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Being an Interim Manager

by Chris Lain


Starting Out? Interim Management Today and How to Get That First Assignment

The use of interim management has changed fundamentally over the last few years. Head of Research Chris Lain takes a look at these changes and how this affects those who are now considering entering the industry.

In times gone by interim recruitment was quite straightforward. Clients were clear that they wanted skilled and experienced individuals with the right background – but crucially with a strong interim track record too. Clients would often overlook candidates entering into the market in favour of those with interim experience – making entering the industry difficult for newcomers.

Today, labels on candidates are less relevant and clients are making decisions based upon a candidate’s skill set and achievements, rather than how many interim assignments they have completed. In my experience, over recent years, it’s results that you have achieved as an individual that are important to organisations, rather than the nature of the contract you performed under.

A topic that has been heavily discussed in the interim market is that of a candidate that uses Interim management as a “stop-gap” for permanent professionals between roles. I think that this occurs much less than it used to and is down to the recovering economy and the increase in business confidence, that has created more permanent positions; meaning that there are more opportunities for experienced interims to take interim roles.

Interim Management in a More Positive Space

A change that I have observed over the last twelve months has been the type of assignment that we have worked on. It is now not always associated with cost cutting, headcount reduction and crisis, although there are still plenty of “troubleshooter” roles. Interim management has moved, along with the economy, into a much more positive space with a large focus around business change, transformation and growth.

The Interim Newcomer

However this competitive environment also makes it harder for first timers. So what steps should you take if you are considering going into interim management?

  1. Financial – when establishing your daily rate or range, ensure that you understand exactly what you need to earn in order to live, and is in line with the market.
  2. Lifestyle – the interim world is one of peaks and troughs – an assignment may last for 6 months, but you then may be out of work for another 6 – are you ready for that?
  3. Assignment – when you do get that first role, make sure you fully understand the brief and what is required of you, with clear objectives and timescales.
  4. Define your proposition – it seems obvious but you would be surprised how many candidates don’t know or understand the importance of their key differentiators. Ask yourself, what are you an expert at – and then make sure you can articulate it.
  5. Networking – with the advent of social media such LinkedIn and Twitter, it has never been more important not only to keep up with your personal network, but develop it too. Along with working with providers, utilising your professional network online or face-to-face, is often beneficial to gaining that first (or next) assignment.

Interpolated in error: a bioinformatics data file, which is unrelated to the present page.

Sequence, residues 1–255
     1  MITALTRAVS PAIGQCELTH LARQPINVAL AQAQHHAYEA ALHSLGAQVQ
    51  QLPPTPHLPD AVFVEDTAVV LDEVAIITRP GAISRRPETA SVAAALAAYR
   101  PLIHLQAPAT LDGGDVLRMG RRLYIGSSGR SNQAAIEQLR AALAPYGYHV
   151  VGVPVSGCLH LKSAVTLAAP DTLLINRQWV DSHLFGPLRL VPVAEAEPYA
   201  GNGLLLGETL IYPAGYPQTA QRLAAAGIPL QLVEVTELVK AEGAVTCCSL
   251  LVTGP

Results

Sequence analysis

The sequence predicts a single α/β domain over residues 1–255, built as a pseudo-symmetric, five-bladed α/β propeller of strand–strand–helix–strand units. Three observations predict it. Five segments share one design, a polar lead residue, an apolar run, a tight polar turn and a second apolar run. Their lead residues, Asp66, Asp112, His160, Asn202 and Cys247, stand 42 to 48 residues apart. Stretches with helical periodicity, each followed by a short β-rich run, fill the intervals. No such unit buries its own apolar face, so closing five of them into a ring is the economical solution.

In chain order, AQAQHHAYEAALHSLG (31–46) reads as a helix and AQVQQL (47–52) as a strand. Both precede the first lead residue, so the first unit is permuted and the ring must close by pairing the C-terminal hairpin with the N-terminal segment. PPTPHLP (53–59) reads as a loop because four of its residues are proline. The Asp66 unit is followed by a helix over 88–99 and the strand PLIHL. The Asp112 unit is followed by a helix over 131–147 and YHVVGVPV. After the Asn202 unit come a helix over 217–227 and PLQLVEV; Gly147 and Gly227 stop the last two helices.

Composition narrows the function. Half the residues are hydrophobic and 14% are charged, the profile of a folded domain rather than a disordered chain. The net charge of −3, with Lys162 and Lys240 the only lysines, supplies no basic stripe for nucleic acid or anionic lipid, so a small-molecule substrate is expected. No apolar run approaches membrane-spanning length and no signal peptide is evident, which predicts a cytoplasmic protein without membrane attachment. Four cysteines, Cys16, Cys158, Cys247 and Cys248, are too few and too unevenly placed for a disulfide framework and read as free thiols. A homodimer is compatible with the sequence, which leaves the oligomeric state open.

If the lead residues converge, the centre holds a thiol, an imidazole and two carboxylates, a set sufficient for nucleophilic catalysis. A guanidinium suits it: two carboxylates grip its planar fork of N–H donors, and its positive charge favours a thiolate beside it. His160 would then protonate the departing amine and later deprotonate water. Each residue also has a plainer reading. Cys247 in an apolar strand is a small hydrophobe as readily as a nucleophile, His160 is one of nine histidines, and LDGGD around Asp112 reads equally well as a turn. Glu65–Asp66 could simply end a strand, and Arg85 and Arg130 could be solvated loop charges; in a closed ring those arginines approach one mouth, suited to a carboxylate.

How do you think the interim management industry has changed over the last few years? What are your top tips for gaining assignments? Share with our community below.

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About the Author

Chris' work focuses mainly in the private sector where he has the responsibility for identifying and assessing candidates for specific roles and the delivery of interim assignments, whilst also establishing long term, mutually beneficial relationships with candidates and clients across a variety of industries.

  • Mark Hope

    Been an Interim for 13 years and now have the valuable track record of having assignments and also assignments in the various sectors and roles e.g. public versus private, buying side versus selling side, projects and change versus substitution etc. All the awkward questions about experience and diversity of skills and experiences have gone. My background was one of commercial contract management, negotiating contract terms for big deals for BT on the sell side for 20 years plus. Sadly the market was concerned about my lack of experience on the buy side, in the public sector and product/service sets other than telecoms and also that I wasn’t a long standing Interim. To cut a long story short, I had to go in at lowish rates at first to secure assignments in these areas and then charge more appropriate rates for repeat and similar business once the concern disappeared as a result of delivering. My skills are in fact and always have been completely transferable but only by demonstrating that I could perform in these areas could I convince the hirers. My advice to new Interims is that nothing has changed. Starting out is still difficult so I would suggest you bend on rates in order to get varied assignments under your belt and make hay later when your value is realised in both senses of the word. On a different note, I agree that you must look and smell like an Interim (not someone doing it in the absence of a permanent role) and you must be able to articulate your skills, experiences and value and sell yourself more than you have ever had to do previously in your life as a permanent employee.

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